The toughest hole on the track is, ironically, the first. The 400-yard par-four seems pretty straightforward, but a pond protects the right side of the fairway landing area and three bunkers will gobble up shots that wander too far left.

Fenner Hill Golf Club, another track that is only a few years old and located in Hope Valley, is another shot maker’s course. Longer than Laurel Lane and Beaver River at 6,650 yards from the back markers, Fenner Hill places a premium on accurate drives and careful approaches to the greens. There are a number of forced carries here, which can complicate matters but also add to the thrill of playing.

The number one handicap hole is the 579-yard par-five eighth, which is just one long, beast of a challenge and a true three-shot hole for most players.

The 15th is perhaps Fenner Hills’ signature hole. The 325-yard par-four plays from an elevated tee with a pond protecting the right side of the putting surface and three bunkers standing sentinel to the front and left of the green.

Connecticut’s Shennecossett Golf Course in Groton, built in 1898, is as close to a true links course as you will find in the Nutmeg State and stays open all year if there is no snow. The layout rambles over mostly flat land and has the design features--pot bunkers, tall fescue grass off the fairways and even three holes on or near the ocean, albeit Long Island Sound--that are hallmarks of links courses. When the wind blows hard at Shenny in early April it can bend the flagsticks and make some par-fours impossible to reach in two.

While there are several holes that are tree lined, the course for the most part is wide open with several sunken fairways that are so prevalent on Scottish and Irish courses.

The “new” holes at Shenny are 15, 16 and 17, with the 16th, a 400-yard par-four, finishing on a green that lies within a chip shot of Long Island Sound, offering stunning views of the water. The finishing hole, a 500-yard par-five, is a strong way to end a round. It’s a classic links style hole that has fairway bunkers and plays up a hill over open ground and then down to a green protected by more bunkers.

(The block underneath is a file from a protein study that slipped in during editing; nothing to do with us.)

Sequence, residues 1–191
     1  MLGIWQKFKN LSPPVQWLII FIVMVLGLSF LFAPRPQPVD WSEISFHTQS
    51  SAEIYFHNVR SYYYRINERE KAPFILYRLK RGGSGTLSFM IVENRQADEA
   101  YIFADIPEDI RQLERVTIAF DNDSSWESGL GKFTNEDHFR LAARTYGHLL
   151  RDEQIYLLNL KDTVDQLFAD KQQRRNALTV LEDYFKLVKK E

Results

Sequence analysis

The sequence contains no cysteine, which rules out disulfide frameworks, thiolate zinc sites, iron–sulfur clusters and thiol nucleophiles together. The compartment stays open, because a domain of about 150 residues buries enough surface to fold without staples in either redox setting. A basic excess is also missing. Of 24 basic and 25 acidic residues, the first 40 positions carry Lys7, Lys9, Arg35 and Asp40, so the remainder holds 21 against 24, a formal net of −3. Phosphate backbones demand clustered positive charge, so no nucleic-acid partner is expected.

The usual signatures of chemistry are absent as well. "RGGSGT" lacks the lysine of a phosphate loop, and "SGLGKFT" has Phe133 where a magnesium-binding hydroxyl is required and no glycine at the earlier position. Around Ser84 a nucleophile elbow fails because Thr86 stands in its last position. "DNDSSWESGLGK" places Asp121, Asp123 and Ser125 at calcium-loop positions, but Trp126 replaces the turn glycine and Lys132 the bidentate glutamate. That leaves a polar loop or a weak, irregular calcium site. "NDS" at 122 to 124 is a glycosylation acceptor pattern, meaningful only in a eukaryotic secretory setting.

Laurel View Country Club in Hamden, Ct. although inland a bit from Long Island Sound, will stay open as long as it can if the weather cooperates. A reconditioning of the layout has dramatically improved conditions in recent years and this Geoffrey Cornish design is a true hidden gem.

The course can be stretched beyond 7,000 yards and features some of the toughest par-fours in the state, like the 479-yard fifth. A pond guards the right side of the green, which often must be attacked with a long iron or fairway wood.

The seventh hole is a monstrous par-three, measuring around 250 yards from the tips, leaving even the best players with a fairway wood in their hands on the tee box.

Ironically, the par-fives are on the short side, but they are not pieces of cake. Take the 490-yard 14th, which plays even shorter because it’s downhill off the tee. However, there is a pond in front of the green that must be carried and bunkers guarding the putting surface. The hole is a superb example of a par-five that can be attacked on the second shot. But bogey or worse waits if you don’t put your approach in the right spot.

So, don’t pack your clubs away to quickly, there is plenty of golf to be played along the New England coastline.